Trigger warning: The following post contains links to articles that contain triggering images.
Porn performer Casey Calvert has had nearly every request you could think of. A bit of dirty talk, close up body shots, and costumes are the tame ones. She follows her customer’s submitted requests while filming herself perform, and then delivers a personalized porn video to indulge their fantasies.
Besides custom content, Calvert runs her own website, Instagram, Twitter, Tumblr, and Pornhub model page, each with thousands of followers. Other performers have similarly joined multiple social media platforms to tweet jokes in between sexual quotes or post travel photos next to suggestive images, all in an attempt to build a following and make her seem like a “real” person.
This is the new average life a struggling, often starving porn performer.
Since “tube” sites decimated the old studio system through piracy and endless free videos, everyone in the porn industry has been scrambling to make porn somehow lucrative again. Performer’s wages on set have decreased while expectations became all the more extreme, and so many have gone freelance.
Welcome to 2018, where porn performers are now a new kind of social media influencer.
The age of the influencer
As many of us know, Instagrammers make money with branded content, showing off a new smart watch, “Detox Tea,” or vegan leather shoe, but porn performers market themselves. To build an audience and attract loyal consumers, they open up about their personal lives or comment on current events, whichever suits their brand better. Some performers view it as the “boyfriend” or “girlfriend experience,” or an experience to make viewers feel a synthetic sense of being closer and closer to being with an actual person.
All the while, every profile links to a performer’s paying services. For Calvert, it may be her custom videos. For others, it may be their “clip site,” which is a similar idea to Patreon where subscribers pay a monthly fee for access to an artist’s (or in this case, porn performer) content.
And they claim it’s successful. Casey said she sells about 15 to 20 videos a month ranging in cost from a couple hundred to thousands of dollars. Not to mention a major perk is the unlikely chance her videos will be pirated to free sites. She said paying customers feel like the videos are intimate and special to them. “You can’t pirate someone saying your name.”
The key to success for these freelance performers is in direct communication with fans. As one performer described her Twitter presence, “We go from unattainable fantasy to real people.”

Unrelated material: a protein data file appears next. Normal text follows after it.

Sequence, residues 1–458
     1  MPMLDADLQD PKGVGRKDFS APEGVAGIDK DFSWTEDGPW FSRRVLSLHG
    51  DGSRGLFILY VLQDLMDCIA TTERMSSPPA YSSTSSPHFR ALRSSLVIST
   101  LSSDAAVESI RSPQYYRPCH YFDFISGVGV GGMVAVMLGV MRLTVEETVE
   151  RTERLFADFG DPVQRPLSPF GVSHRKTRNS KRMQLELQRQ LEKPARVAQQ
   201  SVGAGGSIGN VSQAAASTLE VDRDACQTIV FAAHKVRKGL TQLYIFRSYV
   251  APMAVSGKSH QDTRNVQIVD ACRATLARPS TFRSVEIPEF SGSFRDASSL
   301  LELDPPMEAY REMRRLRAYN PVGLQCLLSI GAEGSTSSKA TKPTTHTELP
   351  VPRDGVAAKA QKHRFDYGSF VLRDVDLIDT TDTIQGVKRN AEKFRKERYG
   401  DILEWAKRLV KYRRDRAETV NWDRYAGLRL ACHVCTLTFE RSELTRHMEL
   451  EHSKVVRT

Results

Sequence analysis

But while authenticity will boost a following, nothing has changed how the nature of porn—even when customized—is still a synthetic fantasy. Yes, performers are real people, but they are still unattainable, and they’re cashing in on gullible, often lonely consumers who will pay them to feign interest in them and their kinks.
The fantasy of the “ideal”
Some people may wonder what could possibly be unhealthy with synthetic sex, especially if a person isn’t in a committed romantic relationship. To that, we say the science and research show two main concerns worth considering.
Firstly, research shows how watching and engaging with porn warps a person’s ideas about sex by cutting out key communications like consent, actually listening to a partner, and being willing to bend desires to fit with a partner’s. Eventually, porn leads to the objectification of both men and women as they are always portrayed as the “perfect partner.” always willing, and always aroused. No one can or should have to live up to what someone once saw in a porn video, whether it was customized or on the front page of a tube site.
Secondly, from 2D porn to virtual reality, custom videos to cam girls, and sex robots, it seems technology is constantly being used to take the place of real human relationships. Of course, the advancements that made these products possible aren’t all negative. Like in the case of virtual reality tech where there is a wealth of potential to benefit the medical field, even though VR is making its name in porn.
But while sex tech can never be a true replacement for eye-to-eye and skin-to-skin human relationships, it’s excellent at driving deep wedges between all types of relationships.
Dr. Gail Dines, anti-porn activist and professor of sociology, put it this way: “We know from study after study that human happiness relies on community. And what pornography is going to do is destroy any form of community and any relationships between women and men.”
Healthy sexuality and human connection is based on authenticity—much more than you can get from Instagram—mutual trust, and real love, not synthetic sex.
No amount or type of porn can give you what so many feel like they’re missing: the desire to be truly desired. So love something—or better yet—love someone who can love you back. Porn performers will never be influencers for all the things that are worth really fighting for.
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